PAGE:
Before You Begin: What Is a Facility Project?
Most people know a facility project when they see one–buying or renting a building, renovation, office build-out, major repairs or systems upgrades. Not a difficult question to answer until you have to figure out how much the project is going to cost. Then, the definition of a facilities project broadens considerably. The question becomes, “how much and in what ways will this project have a financial impact on my organization?”
Whether it’s replacing a carpet or buying a new home for your organization, the one thing facility projects have in common is that they are paid for either by money raised specially for that purpose or by money which would otherwise be spent on program. The less money diverted from program, the better. The best way to ensure this is to be aware of all the ways that a facility project creates expense before you announce how much special money you have to raise. Some of these costs are fairly obvious, especially those we call hard (or construction) costs. Non-construction costs, called soft costs, can be more difficult to identify. These include such things as fees for architects and other project consultants, as well as for appraisals, filings, permits and legal help.
Then there are costs associated with planning the project, including staff time (that would normally be spent on program delivery) and raising money to hire a consultant or new staff member, which may compete with your ongoing fundraising activities. And don’t forget the costs of furniture and equipment, including telecommunications systems, and the move itself. If you have to borrow, you’ll need to factor in interest costs and transaction fees. Figuring out the actual cost of a facility project (which can never be anything but an educated guess) is a matter of realistically and honestly analyzing all the demands the project will make on your organization. Because one way or another, those demands will most likely translate to cost. Unless you’ve built up a reserve fund or have sufficient operating surpluses to finance your project (not a typical scenario), embarking on a facility project puts your organization at risk.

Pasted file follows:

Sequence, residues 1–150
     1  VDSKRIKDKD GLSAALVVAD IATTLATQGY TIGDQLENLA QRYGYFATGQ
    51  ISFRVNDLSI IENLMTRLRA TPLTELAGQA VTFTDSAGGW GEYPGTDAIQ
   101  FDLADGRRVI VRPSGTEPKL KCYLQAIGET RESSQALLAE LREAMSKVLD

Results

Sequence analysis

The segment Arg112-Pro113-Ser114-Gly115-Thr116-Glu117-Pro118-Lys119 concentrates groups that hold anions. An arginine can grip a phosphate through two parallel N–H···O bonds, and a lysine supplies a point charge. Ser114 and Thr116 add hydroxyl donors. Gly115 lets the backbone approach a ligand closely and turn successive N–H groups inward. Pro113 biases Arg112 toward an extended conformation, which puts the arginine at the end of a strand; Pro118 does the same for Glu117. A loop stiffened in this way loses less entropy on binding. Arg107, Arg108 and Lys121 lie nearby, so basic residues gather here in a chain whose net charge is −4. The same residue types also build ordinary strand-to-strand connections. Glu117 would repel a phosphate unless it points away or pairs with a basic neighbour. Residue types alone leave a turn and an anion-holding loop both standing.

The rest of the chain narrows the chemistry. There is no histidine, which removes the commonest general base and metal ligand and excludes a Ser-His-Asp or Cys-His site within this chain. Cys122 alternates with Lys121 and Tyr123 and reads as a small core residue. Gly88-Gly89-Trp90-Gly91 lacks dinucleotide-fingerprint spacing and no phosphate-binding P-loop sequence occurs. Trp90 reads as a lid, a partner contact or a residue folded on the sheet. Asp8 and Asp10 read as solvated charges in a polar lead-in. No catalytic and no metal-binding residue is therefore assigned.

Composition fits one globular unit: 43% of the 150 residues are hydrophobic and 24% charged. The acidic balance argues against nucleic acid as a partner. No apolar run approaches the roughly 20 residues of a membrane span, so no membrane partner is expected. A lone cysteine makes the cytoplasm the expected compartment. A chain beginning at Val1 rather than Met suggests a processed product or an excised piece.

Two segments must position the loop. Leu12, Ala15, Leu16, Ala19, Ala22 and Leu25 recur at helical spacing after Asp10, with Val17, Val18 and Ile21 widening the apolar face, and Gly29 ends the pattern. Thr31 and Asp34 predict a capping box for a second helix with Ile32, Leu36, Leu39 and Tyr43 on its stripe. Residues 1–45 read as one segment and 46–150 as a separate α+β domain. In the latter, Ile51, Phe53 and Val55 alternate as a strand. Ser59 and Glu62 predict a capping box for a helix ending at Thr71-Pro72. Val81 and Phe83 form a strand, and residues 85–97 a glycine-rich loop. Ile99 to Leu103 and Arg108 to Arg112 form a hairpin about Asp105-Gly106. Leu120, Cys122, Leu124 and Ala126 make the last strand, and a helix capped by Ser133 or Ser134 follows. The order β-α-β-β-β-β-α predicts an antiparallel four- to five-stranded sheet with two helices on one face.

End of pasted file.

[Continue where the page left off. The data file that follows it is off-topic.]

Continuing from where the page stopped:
One way to mitigate risk is not to underestimate it. Organizations engaging in their first facility project frequently miscalculate its impact in three ways. These are cost, time and the ability of staff to take on unfamiliar responsibilities while carrying out their regular jobs. Facility projects always cost more than you expect – much more. They also take far longer, which can become a serious problem if delivering your program depends on meeting a targeted completion date. Both difficulties are compounded when staff are required to plan and supervise activities they have no experience in. Without a realistic and well-informed assessment of cost, time and personnel needs, your decision to go ahead with a project will be seriously flawed. Your “project” thus encompasses every activity and cost identified in your assessment, generally a far wider range than you may have had in mind when you first contemplated a facility project.
In "Deciding on a Facility Project," we discuss further whether a facility project is the right decision for an organization.